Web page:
I’m going to miss Glenda Goldwater. I will miss feeling so special because she knew my name and came to my shows and cheered me on. I’m going to miss seeing her on the bus and sitting with her at lectures or drinking red French wine with her at gallery openings. Ubiquitous in the arts scene she became locally famous for being an iconic elder with style and an impressive art collection. If you’ve had the pleasure of being in her home you’d notice that she lived with and sometimes on her unique hoard of contemporary art. I coveted a series of original Gay Liberation and SF AIDS awareness campaign posters in her bathroom. I was not surprised to witness every square inch of her walls mounted with many PNW artists I, too, admired. She had a stack of books on her bed the length and height of her body and was surrounded by bookshelves overflowing with monographs. I aspire to this level of fascination and abundance that befits a career librarian. I, too, wish to cuddle with my favorite stories and authors nightly.

I encourage us all to show up for each other with the panache and grace Glenda modeled. I give you permission like Glenda gave me permission to love what you love and fight for it. I want us all to play something radical and French while we raise a glass of red wine in her memory. 
I imagine she will show up to heaven quite tipsy. 
Kaj-anne Pepper / Pepper Pepper, performance artist and dance maker. 
The text popped up on my phone late Tuesday afternoon from a colleague at the Portland Art Museum. Did you hear? Glenda Goldwater. 2020 won’t let up. Glenda strolled the galleries of the museum with true grace and style. In a space filled with interesting things across time and place, she was even more interesting! If you ask any staff person, from any department, they will surely have a Glenda story to share (and maybe even a T-shirt with her face emblazoned on it that were made for our 2016 Andy Warhol exhibition). For me, she was a fixture and champion of the museum’s Artist Talks series. Now over a decade old, the (pre-pandemic) monthly series welcomed Portland-based artists from every nook and cranny of our community (visual artists, dancers, fashion designers, writers, filmmakers) to select a work on view and to riff/reflect on it for an hour. It’s a sweet little program that takes place in front of artworks, and is small and intimate, often just a dozen people or so seated in a circle. If ever there was a regular, it was Glenda. She came all the time. Most artists she knew, some she did not. She didn’t necessarily ask a lot of questions or engage in banter, but she always showed up and stayed present. As I write this, I regret that we never convinced her to give a talk. I asked once, and she politely shrugged me off. Her aloof warmth, her low-key celebrity, her supreme artistry, and magical mystery will be deeply missed. Thank you, Glenda.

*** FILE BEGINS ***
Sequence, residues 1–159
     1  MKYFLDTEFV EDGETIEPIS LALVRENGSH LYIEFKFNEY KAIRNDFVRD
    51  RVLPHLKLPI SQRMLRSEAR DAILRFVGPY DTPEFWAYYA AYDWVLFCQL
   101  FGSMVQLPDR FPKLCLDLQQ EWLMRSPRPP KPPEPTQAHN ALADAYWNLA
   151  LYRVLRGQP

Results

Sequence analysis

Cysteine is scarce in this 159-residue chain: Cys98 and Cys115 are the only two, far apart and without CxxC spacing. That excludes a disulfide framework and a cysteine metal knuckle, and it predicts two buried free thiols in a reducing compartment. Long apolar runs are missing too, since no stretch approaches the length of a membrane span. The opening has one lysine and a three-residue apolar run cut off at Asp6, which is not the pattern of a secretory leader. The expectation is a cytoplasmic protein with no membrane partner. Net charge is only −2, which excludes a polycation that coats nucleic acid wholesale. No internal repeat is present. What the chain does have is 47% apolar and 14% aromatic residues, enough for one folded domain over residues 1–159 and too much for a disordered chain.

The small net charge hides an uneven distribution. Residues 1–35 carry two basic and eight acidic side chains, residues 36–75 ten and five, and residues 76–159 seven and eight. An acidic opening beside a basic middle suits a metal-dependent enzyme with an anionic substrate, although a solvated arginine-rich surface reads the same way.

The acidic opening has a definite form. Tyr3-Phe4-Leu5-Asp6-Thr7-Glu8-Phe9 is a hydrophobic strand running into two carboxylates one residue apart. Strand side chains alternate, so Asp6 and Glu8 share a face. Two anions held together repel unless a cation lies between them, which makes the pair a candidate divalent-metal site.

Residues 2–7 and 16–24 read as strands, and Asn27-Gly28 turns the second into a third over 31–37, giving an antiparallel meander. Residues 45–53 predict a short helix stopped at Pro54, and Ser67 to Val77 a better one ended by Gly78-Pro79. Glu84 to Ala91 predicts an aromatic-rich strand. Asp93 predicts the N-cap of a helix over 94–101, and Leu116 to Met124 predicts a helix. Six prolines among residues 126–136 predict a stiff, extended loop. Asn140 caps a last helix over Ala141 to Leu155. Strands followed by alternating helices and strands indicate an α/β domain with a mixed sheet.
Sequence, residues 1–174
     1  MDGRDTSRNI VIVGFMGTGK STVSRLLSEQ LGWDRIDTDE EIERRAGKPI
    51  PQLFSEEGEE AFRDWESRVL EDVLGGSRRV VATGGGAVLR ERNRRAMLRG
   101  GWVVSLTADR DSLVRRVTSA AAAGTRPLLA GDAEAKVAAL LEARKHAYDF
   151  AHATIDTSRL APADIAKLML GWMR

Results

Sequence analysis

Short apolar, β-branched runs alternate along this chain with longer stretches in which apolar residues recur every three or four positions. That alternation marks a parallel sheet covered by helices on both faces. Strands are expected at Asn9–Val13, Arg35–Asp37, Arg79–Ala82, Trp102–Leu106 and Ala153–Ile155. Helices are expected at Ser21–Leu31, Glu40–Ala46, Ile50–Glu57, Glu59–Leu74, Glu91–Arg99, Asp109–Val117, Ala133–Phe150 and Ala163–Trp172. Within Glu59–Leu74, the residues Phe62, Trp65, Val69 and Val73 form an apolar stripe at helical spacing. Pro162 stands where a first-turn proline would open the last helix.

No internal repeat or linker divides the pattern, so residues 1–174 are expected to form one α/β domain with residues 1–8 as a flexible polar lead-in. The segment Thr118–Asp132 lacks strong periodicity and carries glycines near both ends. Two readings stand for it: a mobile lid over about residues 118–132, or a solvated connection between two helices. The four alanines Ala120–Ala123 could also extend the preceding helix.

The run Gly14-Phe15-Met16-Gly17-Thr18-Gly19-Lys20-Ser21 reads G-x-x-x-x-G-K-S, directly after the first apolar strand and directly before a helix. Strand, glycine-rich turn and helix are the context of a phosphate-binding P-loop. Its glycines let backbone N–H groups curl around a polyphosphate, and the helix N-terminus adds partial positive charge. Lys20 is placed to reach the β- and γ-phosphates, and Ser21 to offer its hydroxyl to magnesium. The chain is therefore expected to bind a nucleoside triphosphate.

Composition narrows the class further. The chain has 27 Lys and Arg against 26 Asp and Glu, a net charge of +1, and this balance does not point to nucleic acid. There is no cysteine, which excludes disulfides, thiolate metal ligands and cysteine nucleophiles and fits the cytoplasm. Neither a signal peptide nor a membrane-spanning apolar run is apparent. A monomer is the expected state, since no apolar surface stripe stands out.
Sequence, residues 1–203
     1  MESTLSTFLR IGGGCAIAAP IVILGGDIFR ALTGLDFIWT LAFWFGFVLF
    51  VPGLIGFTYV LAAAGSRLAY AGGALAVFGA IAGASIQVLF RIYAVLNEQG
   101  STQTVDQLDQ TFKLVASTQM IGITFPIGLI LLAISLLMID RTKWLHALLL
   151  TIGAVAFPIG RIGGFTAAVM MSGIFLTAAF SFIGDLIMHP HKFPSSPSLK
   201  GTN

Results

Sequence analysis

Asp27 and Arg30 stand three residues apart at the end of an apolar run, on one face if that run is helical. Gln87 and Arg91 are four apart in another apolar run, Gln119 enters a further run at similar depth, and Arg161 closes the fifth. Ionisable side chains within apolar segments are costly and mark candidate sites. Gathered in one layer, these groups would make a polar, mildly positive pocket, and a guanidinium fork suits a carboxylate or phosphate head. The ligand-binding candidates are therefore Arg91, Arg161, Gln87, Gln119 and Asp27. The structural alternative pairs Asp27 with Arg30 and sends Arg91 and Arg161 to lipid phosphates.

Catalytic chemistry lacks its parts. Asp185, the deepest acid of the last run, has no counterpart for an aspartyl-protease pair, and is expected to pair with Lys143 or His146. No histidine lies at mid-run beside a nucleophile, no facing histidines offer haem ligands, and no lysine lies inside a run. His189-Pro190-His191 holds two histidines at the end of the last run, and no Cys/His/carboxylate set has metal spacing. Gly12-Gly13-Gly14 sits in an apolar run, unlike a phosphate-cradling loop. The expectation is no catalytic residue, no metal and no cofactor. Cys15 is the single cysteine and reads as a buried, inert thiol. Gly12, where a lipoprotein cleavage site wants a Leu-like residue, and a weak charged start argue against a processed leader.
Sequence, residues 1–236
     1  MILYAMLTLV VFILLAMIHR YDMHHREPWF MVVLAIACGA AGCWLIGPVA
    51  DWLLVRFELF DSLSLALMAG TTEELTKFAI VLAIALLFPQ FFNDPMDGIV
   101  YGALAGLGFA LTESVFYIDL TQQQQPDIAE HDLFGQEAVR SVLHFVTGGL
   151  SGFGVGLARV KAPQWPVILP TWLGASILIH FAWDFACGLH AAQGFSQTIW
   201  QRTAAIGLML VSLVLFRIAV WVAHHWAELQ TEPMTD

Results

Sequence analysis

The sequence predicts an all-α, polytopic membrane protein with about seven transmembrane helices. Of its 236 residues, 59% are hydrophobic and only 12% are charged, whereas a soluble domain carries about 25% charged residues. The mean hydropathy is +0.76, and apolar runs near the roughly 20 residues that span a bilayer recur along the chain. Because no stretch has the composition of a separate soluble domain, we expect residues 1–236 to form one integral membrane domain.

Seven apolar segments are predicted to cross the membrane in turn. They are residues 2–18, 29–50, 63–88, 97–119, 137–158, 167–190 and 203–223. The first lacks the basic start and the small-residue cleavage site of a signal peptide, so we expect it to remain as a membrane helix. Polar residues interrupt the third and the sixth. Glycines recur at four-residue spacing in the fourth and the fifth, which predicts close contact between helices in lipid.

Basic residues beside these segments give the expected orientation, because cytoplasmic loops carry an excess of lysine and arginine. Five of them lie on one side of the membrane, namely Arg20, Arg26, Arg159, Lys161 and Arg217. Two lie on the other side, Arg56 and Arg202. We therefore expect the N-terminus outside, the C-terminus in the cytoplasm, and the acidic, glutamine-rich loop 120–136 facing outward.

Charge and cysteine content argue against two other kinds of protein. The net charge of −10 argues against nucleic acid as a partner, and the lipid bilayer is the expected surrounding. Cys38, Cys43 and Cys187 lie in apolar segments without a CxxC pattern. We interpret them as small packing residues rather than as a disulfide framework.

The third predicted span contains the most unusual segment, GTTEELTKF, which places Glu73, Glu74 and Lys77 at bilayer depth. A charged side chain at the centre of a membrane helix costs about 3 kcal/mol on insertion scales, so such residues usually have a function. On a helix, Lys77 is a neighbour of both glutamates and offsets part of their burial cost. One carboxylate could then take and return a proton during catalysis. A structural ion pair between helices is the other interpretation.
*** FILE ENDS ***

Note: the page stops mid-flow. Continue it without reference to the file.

Stephanie Parrish, director of Learning & Community Partnerships, Portland Art Museum


Glenda knew how to party. And how to live. The eidos of savoir-faire. A singular figure. Exciting all who saw her. “Oh, I hope I look like you when I am your age,” admirers all praised.“Oh, but if only you could at least make an effort now.” The shared laughter. Probing questions.  Political conversations. Point and counterpoint, laughter, sculpture, art, dance. Always up for an invitation to a performance, Glenda watched Viva dance at Mary’s. Ever ready for a glass of wine. French, of course. Let us all raise our glasses, “To Glenda!”

Lake James H. Perriguey, attorney, Law Works LLC 

Glenda’s Last Tattoo (Tristan C. Anderson - Chance) from Pilgrim Films on Vimeo.

A short documentary made as part of the #SOUNDTRACKS project for Tristan C. Anderson's new album.

Glenda Goldwater's friends and family would like to invite the city that loved her to attend Goldwater's Memorial Service, to be held virtually by her church, the First Unitarian Church, via Zoom on Sunday, September 27, at 2 pm. For details regarding the memorial service and zoom invite please visit the church's website